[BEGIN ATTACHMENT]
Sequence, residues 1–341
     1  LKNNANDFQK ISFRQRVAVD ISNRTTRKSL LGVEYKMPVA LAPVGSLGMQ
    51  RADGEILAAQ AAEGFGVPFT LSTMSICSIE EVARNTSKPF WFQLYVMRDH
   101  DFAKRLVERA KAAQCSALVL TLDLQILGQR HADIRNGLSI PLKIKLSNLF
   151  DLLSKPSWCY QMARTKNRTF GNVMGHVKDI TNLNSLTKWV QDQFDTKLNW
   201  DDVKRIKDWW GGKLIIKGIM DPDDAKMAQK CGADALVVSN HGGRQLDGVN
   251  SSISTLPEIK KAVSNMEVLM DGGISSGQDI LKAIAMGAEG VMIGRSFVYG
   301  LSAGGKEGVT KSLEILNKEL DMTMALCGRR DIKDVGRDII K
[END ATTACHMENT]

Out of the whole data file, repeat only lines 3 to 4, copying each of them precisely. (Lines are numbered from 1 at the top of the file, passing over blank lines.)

    51  RADGEILAAQ AAEGFGVPFT LSTMSICSIE EVARNTSKPF WFQLYVMRDH
   101  DFAKRLVERA KAAQCSALVL TLDLQILGQR HADIRNGLSI PLKIKLSNLF